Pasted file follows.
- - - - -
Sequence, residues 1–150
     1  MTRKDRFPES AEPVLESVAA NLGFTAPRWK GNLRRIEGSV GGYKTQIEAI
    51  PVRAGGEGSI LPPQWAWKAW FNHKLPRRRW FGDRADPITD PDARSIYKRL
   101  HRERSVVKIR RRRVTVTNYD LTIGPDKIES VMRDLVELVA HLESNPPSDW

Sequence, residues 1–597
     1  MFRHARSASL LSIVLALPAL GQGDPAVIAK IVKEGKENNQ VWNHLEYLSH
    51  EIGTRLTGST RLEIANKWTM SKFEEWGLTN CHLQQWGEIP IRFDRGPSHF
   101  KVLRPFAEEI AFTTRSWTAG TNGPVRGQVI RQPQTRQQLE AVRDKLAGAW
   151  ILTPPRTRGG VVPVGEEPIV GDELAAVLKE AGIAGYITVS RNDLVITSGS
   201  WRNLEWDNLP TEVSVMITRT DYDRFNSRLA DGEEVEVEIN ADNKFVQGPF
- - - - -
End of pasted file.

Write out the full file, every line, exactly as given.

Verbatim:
Sequence, residues 1–150
     1  MTRKDRFPES AEPVLESVAA NLGFTAPRWK GNLRRIEGSV GGYKTQIEAI
    51  PVRAGGEGSI LPPQWAWKAW FNHKLPRRRW FGDRADPITD PDARSIYKRL
   101  HRERSVVKIR RRRVTVTNYD LTIGPDKIES VMRDLVELVA HLESNPPSDW

Sequence, residues 1–597
     1  MFRHARSASL LSIVLALPAL GQGDPAVIAK IVKEGKENNQ VWNHLEYLSH
    51  EIGTRLTGST RLEIANKWTM SKFEEWGLTN CHLQQWGEIP IRFDRGPSHF
   101  KVLRPFAEEI AFTTRSWTAG TNGPVRGQVI RQPQTRQQLE AVRDKLAGAW
   151  ILTPPRTRGG VVPVGEEPIV GDELAAVLKE AGIAGYITVS RNDLVITSGS
   201  WRNLEWDNLP TEVSVMITRT DYDRFNSRLA DGEEVEVEIN ADNKFVQGPF